I’m back from Vietnam, and would like to share some photos of my trip with you. I set out from Hanoi to the region bordering China, where there are old tea plants growing wild; the leaves will be picked to make dark tea (what’s known as Pu Erh in China). After a six-hour drive to Hà Giang, followed by an overnight stay, I laced up my walking shoes for a three-hour trek in the mountains, through paddy fields at first, until I reached the famous tea plants, in the middle of the clouds… (to be continued).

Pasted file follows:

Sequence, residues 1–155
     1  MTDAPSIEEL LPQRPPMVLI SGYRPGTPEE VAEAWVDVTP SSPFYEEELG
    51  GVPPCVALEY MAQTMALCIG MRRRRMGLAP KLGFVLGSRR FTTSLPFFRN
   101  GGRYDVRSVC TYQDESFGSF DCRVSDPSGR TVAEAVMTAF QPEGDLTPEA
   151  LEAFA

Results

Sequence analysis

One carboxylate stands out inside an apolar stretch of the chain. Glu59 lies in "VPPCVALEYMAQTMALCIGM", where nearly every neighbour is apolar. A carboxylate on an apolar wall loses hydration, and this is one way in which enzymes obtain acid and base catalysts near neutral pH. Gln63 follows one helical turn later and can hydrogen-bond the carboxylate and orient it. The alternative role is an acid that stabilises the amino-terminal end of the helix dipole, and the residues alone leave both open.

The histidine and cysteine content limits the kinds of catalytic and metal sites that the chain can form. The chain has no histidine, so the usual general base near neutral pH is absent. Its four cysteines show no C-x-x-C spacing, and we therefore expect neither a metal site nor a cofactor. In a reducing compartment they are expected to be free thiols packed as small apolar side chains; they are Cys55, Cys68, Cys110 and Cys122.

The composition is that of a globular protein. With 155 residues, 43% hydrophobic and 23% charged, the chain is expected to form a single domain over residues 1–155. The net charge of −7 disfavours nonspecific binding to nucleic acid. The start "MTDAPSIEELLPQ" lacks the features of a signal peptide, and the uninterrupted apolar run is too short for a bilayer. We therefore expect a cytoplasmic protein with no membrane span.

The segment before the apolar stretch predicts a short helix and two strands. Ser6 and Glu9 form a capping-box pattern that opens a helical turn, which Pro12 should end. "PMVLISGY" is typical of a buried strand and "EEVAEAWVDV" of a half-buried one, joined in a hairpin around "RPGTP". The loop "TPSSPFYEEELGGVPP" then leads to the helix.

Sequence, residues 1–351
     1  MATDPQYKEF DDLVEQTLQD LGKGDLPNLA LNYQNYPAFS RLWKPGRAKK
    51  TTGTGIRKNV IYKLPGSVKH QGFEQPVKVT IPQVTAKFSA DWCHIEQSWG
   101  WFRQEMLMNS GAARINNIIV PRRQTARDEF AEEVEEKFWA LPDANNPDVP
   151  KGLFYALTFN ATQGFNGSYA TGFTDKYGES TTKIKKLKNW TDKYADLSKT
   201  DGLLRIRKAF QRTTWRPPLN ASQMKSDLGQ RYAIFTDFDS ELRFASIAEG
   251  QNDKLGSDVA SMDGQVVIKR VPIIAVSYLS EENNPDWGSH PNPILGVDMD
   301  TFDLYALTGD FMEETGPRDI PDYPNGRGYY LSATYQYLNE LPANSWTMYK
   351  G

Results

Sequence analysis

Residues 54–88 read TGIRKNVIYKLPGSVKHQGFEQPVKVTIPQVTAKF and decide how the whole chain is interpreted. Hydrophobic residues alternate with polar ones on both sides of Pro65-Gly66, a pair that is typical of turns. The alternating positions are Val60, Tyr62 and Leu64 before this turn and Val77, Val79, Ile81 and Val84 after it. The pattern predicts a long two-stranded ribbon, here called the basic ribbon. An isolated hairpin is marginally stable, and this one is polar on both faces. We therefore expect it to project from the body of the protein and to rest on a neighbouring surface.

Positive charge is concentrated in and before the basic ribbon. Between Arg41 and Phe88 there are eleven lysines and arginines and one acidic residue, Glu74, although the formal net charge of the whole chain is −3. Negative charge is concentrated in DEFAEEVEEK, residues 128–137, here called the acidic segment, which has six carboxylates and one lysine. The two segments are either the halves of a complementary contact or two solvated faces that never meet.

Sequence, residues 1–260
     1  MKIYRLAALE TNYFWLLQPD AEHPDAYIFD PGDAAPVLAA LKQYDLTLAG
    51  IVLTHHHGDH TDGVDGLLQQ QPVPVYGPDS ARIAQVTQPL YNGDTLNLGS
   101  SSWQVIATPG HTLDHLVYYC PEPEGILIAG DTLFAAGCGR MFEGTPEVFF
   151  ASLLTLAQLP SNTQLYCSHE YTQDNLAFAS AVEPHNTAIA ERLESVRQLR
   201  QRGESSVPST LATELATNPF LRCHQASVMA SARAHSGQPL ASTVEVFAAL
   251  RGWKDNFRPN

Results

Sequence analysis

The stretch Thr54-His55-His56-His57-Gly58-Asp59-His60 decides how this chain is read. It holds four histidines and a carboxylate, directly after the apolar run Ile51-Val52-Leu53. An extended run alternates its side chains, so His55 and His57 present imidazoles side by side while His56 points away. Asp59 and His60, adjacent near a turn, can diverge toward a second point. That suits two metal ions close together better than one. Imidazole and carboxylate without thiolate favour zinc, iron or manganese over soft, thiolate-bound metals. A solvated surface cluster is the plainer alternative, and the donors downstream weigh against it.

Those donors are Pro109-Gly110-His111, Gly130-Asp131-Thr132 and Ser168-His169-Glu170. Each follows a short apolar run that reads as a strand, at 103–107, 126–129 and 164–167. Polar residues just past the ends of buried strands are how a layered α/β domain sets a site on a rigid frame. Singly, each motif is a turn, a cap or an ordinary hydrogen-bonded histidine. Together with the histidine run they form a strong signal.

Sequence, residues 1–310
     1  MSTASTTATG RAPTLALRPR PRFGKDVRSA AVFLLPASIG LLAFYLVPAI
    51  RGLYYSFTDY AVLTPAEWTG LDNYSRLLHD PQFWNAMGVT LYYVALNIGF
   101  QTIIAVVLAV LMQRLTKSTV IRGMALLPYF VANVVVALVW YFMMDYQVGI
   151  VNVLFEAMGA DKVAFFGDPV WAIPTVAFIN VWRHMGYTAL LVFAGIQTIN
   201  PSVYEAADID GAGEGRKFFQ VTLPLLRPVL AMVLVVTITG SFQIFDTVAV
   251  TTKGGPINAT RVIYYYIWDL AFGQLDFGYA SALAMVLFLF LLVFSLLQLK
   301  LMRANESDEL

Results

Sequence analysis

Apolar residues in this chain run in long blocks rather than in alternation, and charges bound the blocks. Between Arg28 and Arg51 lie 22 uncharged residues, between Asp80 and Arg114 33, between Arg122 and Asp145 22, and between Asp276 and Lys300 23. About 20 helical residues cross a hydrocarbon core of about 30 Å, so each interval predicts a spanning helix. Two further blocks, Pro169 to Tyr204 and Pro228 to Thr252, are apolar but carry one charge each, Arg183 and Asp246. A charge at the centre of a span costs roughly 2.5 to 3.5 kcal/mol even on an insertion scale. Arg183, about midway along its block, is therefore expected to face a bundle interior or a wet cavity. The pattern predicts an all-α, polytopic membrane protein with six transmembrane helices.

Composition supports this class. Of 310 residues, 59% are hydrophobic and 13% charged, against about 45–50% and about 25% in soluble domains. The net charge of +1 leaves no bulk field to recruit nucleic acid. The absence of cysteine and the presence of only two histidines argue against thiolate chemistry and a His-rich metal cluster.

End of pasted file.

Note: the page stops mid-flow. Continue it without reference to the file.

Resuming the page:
Many types of tea are produced using a specific method or cultivar, or on a defined terroir. While most of these teas are made on modestly sized smallholdings, they are sometimes processed on larger premises with bigger facilities, and even in factories that make tea on an industrial scale. The key difference with teas processed traditionally as opposed to industrially manufactured teas is the artisanal quality of the former; this involves skilled work done by hand, and the process is judged through the feel, appearance and smell of the leaves at every stage.